Annual northern pueblo art show canceled

Ohkay Owingeh Pueblo, New Mexico (AP) 5-09

The annual Eight Northern Indian Pueblos Arts & Crafts show has been canceled after just 51 artists applied for booths, compared to three or four times that number in previous years.

“It’s just the economy,” said the Eight Northern Pueblo’s director of programming and development, Valerie Lyon. “The economy had its impact on artists and sponsors.”

This year’s show had been slated for July at Ohkay Owingeh Pueblo.

Michael Miller, executive director of the Eight Northern Indian Pueblos Council, said the arts and crafts show needs the past average of 150 to 200 artists to make it a success.

Organizers charge about $400 per booth, with the rest of the funding coming from outside sponsors, Miller said. Past years have netted $60,000 to $70,000.

 

Artists have told Miller sales have been down at prestigious shows such as the annual market in March at the Heard Museum in Phoenix.

“People come to look but they just aren’t buying,” he said. “I don’t doubt that we could attract people; I don’t know if we could attract the buyers.”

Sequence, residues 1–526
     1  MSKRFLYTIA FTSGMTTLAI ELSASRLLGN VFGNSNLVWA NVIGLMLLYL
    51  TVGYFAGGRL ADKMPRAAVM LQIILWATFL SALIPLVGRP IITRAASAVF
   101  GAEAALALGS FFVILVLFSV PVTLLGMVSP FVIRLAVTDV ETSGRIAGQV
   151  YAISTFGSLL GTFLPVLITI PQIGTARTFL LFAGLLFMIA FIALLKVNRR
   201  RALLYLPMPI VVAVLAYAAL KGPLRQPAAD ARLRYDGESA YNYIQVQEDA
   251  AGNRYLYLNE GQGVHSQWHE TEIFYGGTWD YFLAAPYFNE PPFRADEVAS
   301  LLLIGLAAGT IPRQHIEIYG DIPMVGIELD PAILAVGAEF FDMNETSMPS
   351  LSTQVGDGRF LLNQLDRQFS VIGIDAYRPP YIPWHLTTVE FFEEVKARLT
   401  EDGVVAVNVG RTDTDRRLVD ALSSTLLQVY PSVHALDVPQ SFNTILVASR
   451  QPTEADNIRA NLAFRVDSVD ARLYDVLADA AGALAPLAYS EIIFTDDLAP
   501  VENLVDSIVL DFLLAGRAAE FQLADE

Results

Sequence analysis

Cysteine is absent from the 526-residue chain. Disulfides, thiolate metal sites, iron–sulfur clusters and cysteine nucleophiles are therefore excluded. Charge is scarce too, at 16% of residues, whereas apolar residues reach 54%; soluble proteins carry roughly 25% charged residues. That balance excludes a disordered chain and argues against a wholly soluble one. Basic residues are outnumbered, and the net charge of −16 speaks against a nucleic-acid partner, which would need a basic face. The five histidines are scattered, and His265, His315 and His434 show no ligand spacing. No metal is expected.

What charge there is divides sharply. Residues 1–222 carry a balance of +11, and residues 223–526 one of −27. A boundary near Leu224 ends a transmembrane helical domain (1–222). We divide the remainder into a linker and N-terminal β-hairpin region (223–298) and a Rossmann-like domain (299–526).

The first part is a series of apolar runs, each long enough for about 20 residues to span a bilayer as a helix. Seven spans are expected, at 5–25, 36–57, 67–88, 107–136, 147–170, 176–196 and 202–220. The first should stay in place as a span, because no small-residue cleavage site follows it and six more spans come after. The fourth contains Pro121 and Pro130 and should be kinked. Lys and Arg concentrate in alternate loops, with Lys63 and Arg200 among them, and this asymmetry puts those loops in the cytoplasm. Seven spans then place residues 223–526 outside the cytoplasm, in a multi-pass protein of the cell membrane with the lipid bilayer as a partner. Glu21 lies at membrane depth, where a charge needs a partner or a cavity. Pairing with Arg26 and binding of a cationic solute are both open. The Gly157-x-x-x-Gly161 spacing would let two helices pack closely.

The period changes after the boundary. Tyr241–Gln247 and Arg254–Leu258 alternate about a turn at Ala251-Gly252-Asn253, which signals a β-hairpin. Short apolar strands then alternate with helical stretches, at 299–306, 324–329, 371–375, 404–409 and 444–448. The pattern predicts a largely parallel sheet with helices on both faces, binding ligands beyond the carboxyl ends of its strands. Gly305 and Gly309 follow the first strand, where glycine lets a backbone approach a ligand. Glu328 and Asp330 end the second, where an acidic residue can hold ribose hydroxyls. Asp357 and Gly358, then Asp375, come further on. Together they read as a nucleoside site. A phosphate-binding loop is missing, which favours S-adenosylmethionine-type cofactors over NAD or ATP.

The Eight Northern Pueblos show, first held in 1972, has drawn visitors from throughout the Southwest in the past, with vendors coming not only from the pueblos, but also from Navajo, Hopi, Apache, Cherokee, Tlinfit, Chippewa and Lakota tribes.

The show used to rotate among the pueblos, but since 2003 has been held in the Eight Northern Pueblos Council Arts and Visitors Center at Ohkay Owingeh. The pueblos include Nambe, Ohkay Owingeh, Picuris, Pojoaque, San Ildefonso, Santa Clara, Tesuque and Taos.

The board of directors is considering moving the event to a cooler time of the year because of complaints about the heat in July, Miller said. They plan an indoor show sometime in the fall, and are organizing golf tournaments to raise funds.

“Maybe by then things will have changed,” Miller said. “It’s our concern that these artists depend on us. We have a lot of people who got their start here. It’s our goal to keep this craft alive in the pueblos.

 

 

 

 

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